US 4677299 A
A positron emission tomography camera having a patient area with a plurality of fixed detector rings positioned side-by-side around the patient area to detect radiation. Each ring includes multiple layers of scintillation detectors in which the detectors in one of the layers is offset relative to the detectors in the other layers. The thickness of each layer increases exponentially from the inside of the ring to the outside of the ring. Identification of the scintillation detector may be performed by using layers with different timing constants, using silicon avalanche photodiodes or using a light guide transferring the light received from the staggered detectors to a non-staggered rectangular matrix.
1. A positron emission tomography camera comprising,
a patient area,
a plurality of detector rings positioned side-by-side around the patient area to detect radiation from opposite sides of a patient in the patient area,
each ring containing a plurality of scintallation detectors directed towards the patient area for defining a plane slice through the patient area by the detectors in each ring, said detectors on opposite sides of the patient detecting two oppositely directed gamma rays,
each ring including multiple layers of scintillation detectors, the detectors in one of the layers being offset relative to the detectors in the other layers in the same ring, and
the thickness of each layer being greater than the thickness of the next inner layer and the thickness of each layer being sized so that each layer detects substantially the same number of gamma rays.
2. The apparatus of claim 1 wherein the detectors are of the same material and the thickness of the multiple layers increase exponentially from the inner layers of the outer layers.
3. The apparatus of claim 1 wherein each layer of scintillation detectors has a different timing constant for identifying the layer in which radiation is detected.
4. The apparatus of claim 1 including,
means for converting detected radiation into electrical pulses, said means including a light guide directed towards the side edges of said rings, said light guide transferring the light received from the offset detectors to a non-offset rectangular matrix.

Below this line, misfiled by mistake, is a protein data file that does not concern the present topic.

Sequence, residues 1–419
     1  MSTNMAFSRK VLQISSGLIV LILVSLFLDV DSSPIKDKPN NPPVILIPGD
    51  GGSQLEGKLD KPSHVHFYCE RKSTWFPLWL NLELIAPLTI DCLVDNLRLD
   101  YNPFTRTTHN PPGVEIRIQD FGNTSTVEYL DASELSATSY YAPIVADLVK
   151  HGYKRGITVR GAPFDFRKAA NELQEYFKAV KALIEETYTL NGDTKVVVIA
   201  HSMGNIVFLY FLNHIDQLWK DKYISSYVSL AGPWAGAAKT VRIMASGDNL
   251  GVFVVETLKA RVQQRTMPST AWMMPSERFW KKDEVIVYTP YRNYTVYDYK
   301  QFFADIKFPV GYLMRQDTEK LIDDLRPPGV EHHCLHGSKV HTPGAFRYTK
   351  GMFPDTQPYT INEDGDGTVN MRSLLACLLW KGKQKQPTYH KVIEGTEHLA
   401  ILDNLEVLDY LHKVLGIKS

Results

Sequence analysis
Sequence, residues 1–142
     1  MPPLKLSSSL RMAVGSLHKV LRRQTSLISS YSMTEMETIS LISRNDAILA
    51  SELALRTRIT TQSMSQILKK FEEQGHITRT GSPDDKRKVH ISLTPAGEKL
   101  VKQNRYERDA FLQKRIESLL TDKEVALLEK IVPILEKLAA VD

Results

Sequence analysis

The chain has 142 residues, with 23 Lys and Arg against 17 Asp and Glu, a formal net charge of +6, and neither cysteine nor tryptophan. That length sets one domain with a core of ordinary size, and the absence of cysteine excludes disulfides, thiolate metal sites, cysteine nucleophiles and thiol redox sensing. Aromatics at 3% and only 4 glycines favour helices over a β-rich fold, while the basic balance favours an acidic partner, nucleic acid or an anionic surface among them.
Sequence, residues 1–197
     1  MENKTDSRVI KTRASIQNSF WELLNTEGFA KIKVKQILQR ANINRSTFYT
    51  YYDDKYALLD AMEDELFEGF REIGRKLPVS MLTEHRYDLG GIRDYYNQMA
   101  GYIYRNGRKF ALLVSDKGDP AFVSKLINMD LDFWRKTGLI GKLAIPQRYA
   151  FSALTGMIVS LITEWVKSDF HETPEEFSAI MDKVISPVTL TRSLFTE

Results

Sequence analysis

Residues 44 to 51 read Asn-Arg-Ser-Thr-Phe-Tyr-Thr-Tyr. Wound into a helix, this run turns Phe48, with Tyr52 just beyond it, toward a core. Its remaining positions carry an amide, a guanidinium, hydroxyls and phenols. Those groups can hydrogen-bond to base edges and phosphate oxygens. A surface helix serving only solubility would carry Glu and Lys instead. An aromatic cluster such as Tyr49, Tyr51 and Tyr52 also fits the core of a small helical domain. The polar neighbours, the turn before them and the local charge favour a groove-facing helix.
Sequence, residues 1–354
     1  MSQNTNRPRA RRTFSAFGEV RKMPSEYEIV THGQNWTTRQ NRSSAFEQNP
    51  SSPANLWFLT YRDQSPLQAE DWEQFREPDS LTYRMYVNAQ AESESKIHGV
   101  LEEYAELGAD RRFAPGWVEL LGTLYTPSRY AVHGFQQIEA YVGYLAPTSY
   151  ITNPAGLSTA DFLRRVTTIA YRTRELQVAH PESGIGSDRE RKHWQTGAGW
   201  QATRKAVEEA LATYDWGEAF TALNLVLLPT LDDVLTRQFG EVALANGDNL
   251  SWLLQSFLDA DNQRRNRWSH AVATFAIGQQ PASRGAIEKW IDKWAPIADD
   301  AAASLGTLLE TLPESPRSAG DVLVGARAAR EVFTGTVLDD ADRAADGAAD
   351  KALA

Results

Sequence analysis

5. The apparatus of claim 1 wherein all of the layers of detectors are GBO crystal scintillation detectors.
6. The apparatus of claim 1 wherein the number of layers of detectors are n and the offset between each adjacent layer is 1/n of the detector width.
7. A positron emission tomography camera comprising,
a patient area,
a plurality of fixed circular detector rings positioned side-by-side around the patient area to detect radiation from opposite sides of a patient in the patient area,
each ring containing a plurality of scintillation detectors, said detectors on opposite sides of the patient detecting two oppositely directed gamma rays, the detectors in one of the layers being offset relative to the detectors in the other layers in a ring for increasing the sampling of detected radiation, said number of layers of detectors being n and the offset between each adjacent layer is 1/n of the detector width, and
the thickness of each layer being increased over the adjacent inner layer and the thickness of each layer being sized so that each layer detects substantially the same number of gamma rays.
This application is a continuation-in-part of Application Ser. No. 06/734,012 filed May 13, 1985, entitled Multiple Layer Positron Emission Tomography Camera.
My above-named patent application describes a positron emission tomography (PET) camera having multiple layers of detectors or scintillators with each layer staggered or offset from its adjacent layer. That improvement structure reduces the angulation degradation thereby allowing the diameter of the detector rings to be reduced which in turn increases the camera sensitivity and reduces the detector cost. Furthermore, the multiple layers of staggered or offset detectors greatly increases the number of samples detected and allows the elimination of the conventional wobble motion from the camera.